Did you know that September is National Suicide Prevention Awareness Month? This recognition of suicide in our society is now highlighted every year at this time. Many federal departments, national foundations, and small support groups are attempting to increase public awareness about our country’s plague of self-inflicted death–its precursors, warning signs, and possible interventions. This is also an opportunity for families and friends to join together and to mourn those who have fallen prey to the depression and hopelessness that leads them to take their own lives.
But how much do you really understand about suicide? You may be like many others–those who have always avoided the issue and now discover that they actually know very little and are stunned by the facts. Here are some important ones, all reported by reliable agencies for 2015:
Annual U.S. Suicide Statistics
- There is one suicide every 12 minutes (world-wide, one every 40 seconds)
- Level of suicide has risen to a 30 year high
- 500,000 visit E.R.’s for attempted suicide
- Twelve people attempt suicide for every one who succeeds
- Suicide is the 10th leading cause of death while homicide ranks 17th
- Suicide is the 2nd leading cause of death among adolescents and young adults
- 9.3 million have suicidal thoughts
- 2.7 million make a plan
- 1.3 million make an attempt
More men and women in the military die from suicide than from combat
- Since 1999, the rise in girls ages 10-14 attempting suicide has tripled
- Suicide costs $51 billion in medical and work loss costs
- There are 250,000 suicide survivors each year
- Only 50% of all depressed people get treatment
When I was twenty-one, my mother killed herself with carbon monoxide in the garage of our Massachusetts home. She was only forty-five. I mourned her for twenty-four years without truly understanding her last act–until, in 1998, I arrived at the turning point of my own forty-fifth birthday, and became overwhelmed by the same sort of bipolar depression she had experienced. In that year, with great shame and the belief that there was no other way to end my pain, I succumbed three times to the urge to end the desolation that I woke to every day.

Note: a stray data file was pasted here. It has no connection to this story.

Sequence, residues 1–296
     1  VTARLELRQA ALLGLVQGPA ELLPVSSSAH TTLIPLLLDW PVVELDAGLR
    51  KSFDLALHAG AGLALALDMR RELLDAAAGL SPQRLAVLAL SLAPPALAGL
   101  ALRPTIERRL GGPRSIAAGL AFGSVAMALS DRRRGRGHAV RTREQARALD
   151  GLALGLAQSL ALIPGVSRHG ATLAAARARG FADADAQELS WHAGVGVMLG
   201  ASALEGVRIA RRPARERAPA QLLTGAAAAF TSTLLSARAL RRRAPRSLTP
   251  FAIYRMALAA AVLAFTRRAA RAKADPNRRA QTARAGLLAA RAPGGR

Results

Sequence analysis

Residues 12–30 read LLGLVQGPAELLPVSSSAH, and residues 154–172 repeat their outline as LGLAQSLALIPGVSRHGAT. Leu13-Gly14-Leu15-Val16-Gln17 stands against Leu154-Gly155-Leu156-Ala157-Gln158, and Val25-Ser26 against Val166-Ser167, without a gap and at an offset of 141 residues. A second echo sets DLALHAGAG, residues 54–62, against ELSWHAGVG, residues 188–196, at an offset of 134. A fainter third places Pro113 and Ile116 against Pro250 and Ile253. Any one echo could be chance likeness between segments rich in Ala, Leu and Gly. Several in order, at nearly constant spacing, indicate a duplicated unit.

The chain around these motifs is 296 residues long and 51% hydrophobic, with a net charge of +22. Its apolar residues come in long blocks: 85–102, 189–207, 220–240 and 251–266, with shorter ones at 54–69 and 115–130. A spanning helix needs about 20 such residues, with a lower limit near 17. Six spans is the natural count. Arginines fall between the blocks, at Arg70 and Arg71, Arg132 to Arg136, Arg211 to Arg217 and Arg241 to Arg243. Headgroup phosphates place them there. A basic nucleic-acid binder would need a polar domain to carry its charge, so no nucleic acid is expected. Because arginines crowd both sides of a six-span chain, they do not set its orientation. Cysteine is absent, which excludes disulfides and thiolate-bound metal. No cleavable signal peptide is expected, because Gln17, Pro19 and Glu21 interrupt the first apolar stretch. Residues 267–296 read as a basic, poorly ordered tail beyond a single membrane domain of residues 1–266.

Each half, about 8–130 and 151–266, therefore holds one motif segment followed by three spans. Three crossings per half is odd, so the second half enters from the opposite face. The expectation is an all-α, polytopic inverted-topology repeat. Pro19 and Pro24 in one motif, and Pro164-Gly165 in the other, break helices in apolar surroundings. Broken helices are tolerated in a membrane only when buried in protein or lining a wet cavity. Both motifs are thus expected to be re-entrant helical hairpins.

The following seven years of illness, which came to a gradual end in 2004, now seem a long time ago. Thanks to modern medicine, which has found many new answers to treating bipolar disorder, using both effective medications as well as different psychiatric approaches, I was able to recover. I feel safe once again, though I maintain a careful regimen of medication that is supported by therapy.
Depression is no longer a part of my life, even though some emotional issues, like anxiety and sadness, play a role as I wander along the path I have charted for myself. I documented my experiences with mental illness–both my mother’s and my own–in my memoir, Half in Love: Surviving the Legacy of Suicide, as a way of reaching out to those who suffer from debilitating depression, as well as their families and friends. I receive a great number of candid and moving e-mails about this particular book.
I wish my mother had been alive during these critical discoveries in the world of medicine. I wish she had been diagnosed correctly, prescribed appropriate medications, and treated properly by physicians who, at that time, resorted to shock therapy and tranquilizers as the only solutions for the problems presented by a depressed and suicidal person.
I now hope that this September we will all join hands together and, with increased awareness, try to begin to prevent this scourge that ruins so many lives. For those just learning about suicide, may you investigate it further–even if scrutinizing this difficult subject is limited to reading only one of this month’s numerous magazine articles. May you acknowledge, and accept, that someday you might have to deal with a person special to you who suffers the pain of depression and the longing for it all to end. May we remember those who have taken their own lives. And may we all pray, or even just hope, that they have found some kind of peace.
If you or someone you know needs guidance through the darkness, please consider the following: